But, Newman laying his finger upon his lips, she had the presence of mind to refrain.
This was such a very singular proceeding on the part of an utter stranger, and his appearance was so extremely peculiar, that Nicholas, who had a sufficiently keen sense of the ridiculous, could not refrain from breaking into a smile as he inquired whether Mr Noggs had any commands for him.
But the notion of Ralph Nickleby having directed it to be done, tickled his fancy so much, that he could not refrain from cracking all his ten fingers in succession: at which performance Mrs Nickleby was rather startled at first, but supposing it to be in some remote manner connected with the gout, did not remark upon.
Nicholas could not refrain from smiling at the abruptness of the question; but, thinking it scarcely worth while to parry it, owned that he was under some apprehensions lest he might not succeed in the object which had brought him to that part of the country.
But as often, treading upon the heels of this impulse, came another which urged him to refrain, and to keep his secret to his own breast.
He did so for a little time, but as he chose to renew his conversation when leaving the room, in a more offensive strain than before, I could not refrain from making after him, and facilitating his departure by a kick, which reduced him to the posture in which you saw him just now.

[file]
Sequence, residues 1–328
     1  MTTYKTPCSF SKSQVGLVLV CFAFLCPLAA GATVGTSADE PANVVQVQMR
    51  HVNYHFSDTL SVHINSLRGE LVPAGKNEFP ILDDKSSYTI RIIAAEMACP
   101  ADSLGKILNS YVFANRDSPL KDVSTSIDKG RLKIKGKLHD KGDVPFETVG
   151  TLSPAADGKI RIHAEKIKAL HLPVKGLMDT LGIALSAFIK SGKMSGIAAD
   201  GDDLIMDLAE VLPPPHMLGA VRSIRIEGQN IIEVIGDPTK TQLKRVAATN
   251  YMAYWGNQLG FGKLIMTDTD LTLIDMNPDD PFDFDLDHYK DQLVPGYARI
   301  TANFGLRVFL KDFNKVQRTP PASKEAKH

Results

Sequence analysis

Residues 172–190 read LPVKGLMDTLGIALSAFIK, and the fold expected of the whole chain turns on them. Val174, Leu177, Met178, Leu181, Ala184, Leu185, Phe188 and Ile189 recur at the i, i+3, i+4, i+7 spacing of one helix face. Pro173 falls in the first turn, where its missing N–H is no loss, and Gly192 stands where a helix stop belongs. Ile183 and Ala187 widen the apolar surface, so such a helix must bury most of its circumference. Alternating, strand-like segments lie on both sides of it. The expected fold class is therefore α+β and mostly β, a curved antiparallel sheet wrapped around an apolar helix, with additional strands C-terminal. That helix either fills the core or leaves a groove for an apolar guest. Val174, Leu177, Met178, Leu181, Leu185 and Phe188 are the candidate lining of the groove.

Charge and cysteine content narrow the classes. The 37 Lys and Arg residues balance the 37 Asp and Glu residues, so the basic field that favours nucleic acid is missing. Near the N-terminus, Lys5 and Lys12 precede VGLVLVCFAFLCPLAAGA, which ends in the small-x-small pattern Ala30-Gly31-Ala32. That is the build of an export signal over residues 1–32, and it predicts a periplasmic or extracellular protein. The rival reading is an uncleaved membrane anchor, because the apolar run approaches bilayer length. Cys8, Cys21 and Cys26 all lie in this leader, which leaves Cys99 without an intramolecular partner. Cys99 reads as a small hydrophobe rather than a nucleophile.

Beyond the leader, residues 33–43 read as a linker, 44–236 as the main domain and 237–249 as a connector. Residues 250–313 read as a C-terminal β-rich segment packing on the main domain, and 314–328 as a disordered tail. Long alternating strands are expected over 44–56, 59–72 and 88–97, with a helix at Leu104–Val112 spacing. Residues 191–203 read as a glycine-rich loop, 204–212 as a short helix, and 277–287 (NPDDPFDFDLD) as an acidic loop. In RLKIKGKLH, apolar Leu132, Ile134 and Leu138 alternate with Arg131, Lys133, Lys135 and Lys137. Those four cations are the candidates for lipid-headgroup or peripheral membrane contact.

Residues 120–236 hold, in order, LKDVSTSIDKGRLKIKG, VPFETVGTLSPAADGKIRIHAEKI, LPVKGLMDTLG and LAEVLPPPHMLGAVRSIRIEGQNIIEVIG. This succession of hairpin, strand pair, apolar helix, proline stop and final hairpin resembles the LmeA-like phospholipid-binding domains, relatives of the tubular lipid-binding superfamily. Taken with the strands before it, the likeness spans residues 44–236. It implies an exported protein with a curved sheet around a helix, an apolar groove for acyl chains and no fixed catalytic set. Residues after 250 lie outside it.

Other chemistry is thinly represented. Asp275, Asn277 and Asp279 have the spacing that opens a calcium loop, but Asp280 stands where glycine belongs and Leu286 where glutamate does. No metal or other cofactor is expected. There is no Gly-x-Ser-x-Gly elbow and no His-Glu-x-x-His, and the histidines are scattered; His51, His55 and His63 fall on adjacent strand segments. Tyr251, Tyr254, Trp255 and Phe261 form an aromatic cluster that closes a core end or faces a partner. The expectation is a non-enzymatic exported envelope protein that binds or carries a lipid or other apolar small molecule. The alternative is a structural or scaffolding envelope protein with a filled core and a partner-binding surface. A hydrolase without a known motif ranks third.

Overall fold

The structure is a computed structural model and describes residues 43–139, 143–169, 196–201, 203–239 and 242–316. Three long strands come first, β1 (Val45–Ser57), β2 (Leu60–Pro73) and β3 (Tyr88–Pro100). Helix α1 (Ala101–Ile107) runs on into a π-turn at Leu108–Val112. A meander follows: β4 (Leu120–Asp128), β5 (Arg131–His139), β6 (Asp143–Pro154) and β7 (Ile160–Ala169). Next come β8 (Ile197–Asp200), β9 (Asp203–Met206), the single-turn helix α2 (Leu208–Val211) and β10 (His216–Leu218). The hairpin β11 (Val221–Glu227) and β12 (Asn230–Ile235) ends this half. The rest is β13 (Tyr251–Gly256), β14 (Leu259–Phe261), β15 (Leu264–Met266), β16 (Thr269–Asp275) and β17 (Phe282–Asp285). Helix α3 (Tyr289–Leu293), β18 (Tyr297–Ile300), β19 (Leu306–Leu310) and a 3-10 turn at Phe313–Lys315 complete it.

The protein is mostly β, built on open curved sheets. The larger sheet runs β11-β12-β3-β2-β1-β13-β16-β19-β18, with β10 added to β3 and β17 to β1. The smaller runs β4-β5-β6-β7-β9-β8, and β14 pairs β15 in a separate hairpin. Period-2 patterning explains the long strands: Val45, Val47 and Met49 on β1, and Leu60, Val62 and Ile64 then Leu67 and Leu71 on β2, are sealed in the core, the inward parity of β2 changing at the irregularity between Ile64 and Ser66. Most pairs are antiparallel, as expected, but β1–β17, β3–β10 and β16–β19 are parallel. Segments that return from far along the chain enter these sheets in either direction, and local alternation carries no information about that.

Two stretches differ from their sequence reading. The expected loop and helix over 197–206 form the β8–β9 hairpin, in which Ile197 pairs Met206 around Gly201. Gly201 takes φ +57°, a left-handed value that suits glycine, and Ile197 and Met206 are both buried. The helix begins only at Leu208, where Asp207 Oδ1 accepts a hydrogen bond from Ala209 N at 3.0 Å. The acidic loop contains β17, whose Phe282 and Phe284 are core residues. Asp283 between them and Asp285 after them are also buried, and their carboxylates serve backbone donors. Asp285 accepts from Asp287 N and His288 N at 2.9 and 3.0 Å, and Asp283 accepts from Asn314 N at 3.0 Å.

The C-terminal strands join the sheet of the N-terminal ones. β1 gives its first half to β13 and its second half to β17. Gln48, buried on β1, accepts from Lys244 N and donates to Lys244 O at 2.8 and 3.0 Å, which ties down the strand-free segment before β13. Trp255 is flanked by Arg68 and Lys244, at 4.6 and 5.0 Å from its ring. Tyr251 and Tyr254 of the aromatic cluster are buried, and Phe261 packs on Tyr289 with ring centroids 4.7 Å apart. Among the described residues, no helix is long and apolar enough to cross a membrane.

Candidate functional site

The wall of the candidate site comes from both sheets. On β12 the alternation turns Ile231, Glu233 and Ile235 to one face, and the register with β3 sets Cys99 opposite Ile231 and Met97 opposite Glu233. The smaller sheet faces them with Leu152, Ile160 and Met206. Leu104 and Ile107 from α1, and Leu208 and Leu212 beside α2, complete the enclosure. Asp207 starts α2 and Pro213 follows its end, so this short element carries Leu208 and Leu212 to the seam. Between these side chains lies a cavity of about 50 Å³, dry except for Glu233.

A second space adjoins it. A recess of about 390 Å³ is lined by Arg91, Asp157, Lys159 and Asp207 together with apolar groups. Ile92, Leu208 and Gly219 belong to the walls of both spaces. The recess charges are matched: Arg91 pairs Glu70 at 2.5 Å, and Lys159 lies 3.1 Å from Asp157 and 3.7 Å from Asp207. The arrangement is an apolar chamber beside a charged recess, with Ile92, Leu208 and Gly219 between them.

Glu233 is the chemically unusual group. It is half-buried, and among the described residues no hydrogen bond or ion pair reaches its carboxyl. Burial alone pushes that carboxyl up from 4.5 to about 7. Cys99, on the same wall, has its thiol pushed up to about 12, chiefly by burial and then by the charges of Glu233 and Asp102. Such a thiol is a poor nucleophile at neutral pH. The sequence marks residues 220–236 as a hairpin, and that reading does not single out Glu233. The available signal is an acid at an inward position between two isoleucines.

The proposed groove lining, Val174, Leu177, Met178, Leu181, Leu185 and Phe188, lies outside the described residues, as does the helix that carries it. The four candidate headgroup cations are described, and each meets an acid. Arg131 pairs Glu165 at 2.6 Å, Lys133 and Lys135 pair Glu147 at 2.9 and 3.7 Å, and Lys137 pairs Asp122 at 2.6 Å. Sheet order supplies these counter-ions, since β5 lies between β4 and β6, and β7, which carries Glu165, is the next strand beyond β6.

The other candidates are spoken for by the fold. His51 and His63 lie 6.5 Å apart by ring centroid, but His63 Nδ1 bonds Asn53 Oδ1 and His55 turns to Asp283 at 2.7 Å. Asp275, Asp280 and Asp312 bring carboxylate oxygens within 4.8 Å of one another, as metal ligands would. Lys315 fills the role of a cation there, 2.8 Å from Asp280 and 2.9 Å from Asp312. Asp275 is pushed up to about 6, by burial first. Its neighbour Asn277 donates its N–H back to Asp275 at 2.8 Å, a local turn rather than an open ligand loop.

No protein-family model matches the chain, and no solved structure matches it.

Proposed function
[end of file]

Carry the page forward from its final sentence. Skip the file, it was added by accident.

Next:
Nicholas looked at the ugly clerk, as if he had a mind to reward his admiration of the young lady by beating the ledger about his ears, but he refrained, and strode haughtily out of the office; setting at defiance, in his indignation, those ancient laws of chivalry, which not only made it proper and lawful for all good knights to hear the praise of the ladies to whom they were devoted, but rendered it incumbent upon them to roam about the world, and knock at head all such…
It would have been difficult for any party, family, or otherwise, to have visited the theatre on a night when the phenomenon did NOT play, inasmuch as she always sustained one, and not uncommonly two or three, characters, every night; but Nicholas, sympathising with the feelings of a father, refrained from hinting at this trifling circumstance, and Mr Crummles continued to talk, uninterrupted by him.
But Mr Squeers, who had heard a portion of this closing address, and was by this time wound up to a pitch of impotent malignity almost unprecedented, could not refrain from returning to the parlour door, and actually cutting some dozen capers with various wry faces and hideous grimaces, expressive of his triumphant confidence in the downfall and defeat of Nicholas.